A Saudi woman was allegedly refused an ambulance service because she did not have a male guardian present with her in the house.
Salma Al-Shuhab had woken up in the middle of the night with severe headache and called the Saudi Red Crescent, only to have her request rejected when the call center learned that she lived alone.
“I couldn’t just go out onto the street looking for a taxi at 4 a.m., so I called the ambulance because I couldn’t bear the pain until dawn,” she said. “The employee asked me routine questions, including my age, my address and other details. It was only when he learned that I live alone that he said he could not send me an ambulance. He then left the phone for a few minutes and came back to tell me the same thing.”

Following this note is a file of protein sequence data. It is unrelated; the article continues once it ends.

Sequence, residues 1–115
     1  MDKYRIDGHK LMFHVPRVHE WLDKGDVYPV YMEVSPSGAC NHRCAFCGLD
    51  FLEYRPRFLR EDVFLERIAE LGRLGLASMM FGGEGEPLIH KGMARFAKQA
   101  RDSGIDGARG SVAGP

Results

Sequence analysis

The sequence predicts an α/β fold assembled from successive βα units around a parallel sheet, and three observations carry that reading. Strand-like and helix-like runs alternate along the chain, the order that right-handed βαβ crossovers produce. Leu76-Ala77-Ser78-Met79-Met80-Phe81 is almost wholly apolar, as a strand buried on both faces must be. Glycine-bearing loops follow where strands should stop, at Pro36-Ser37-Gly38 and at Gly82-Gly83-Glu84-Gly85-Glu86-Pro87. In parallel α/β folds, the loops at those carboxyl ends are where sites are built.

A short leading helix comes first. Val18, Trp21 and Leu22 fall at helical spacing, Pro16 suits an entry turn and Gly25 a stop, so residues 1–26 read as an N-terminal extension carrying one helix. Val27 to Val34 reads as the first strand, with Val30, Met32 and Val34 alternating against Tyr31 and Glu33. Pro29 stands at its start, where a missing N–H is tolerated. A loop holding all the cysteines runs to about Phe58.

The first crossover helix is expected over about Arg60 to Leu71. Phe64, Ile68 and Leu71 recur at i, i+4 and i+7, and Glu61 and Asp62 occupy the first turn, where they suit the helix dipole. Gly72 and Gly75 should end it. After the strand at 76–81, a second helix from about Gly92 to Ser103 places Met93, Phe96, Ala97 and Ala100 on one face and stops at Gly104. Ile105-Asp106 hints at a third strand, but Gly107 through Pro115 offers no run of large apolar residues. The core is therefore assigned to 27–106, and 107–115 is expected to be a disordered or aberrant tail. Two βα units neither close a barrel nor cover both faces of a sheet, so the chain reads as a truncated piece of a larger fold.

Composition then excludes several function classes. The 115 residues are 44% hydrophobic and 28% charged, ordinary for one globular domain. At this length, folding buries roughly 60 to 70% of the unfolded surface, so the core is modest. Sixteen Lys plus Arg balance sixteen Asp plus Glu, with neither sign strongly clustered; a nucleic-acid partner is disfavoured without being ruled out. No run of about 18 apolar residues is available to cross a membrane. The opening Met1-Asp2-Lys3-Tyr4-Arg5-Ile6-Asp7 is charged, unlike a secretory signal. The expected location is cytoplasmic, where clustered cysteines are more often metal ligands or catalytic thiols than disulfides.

“I asked him if I should be left to die,” she said. “I had to look through my phonebook for 15 minutes until I found the number of a driver. Is this humane?”
Ahmed Al-Enzi, official spokesman for the Saudi Red Crescent in Riyadh, said ambulance services are in sync with international standards.
“The organization extends medical help regardless of race or gender around the clock,” he said. “We will launch an extensive investigation into this complaint. We will also check the call log that day.”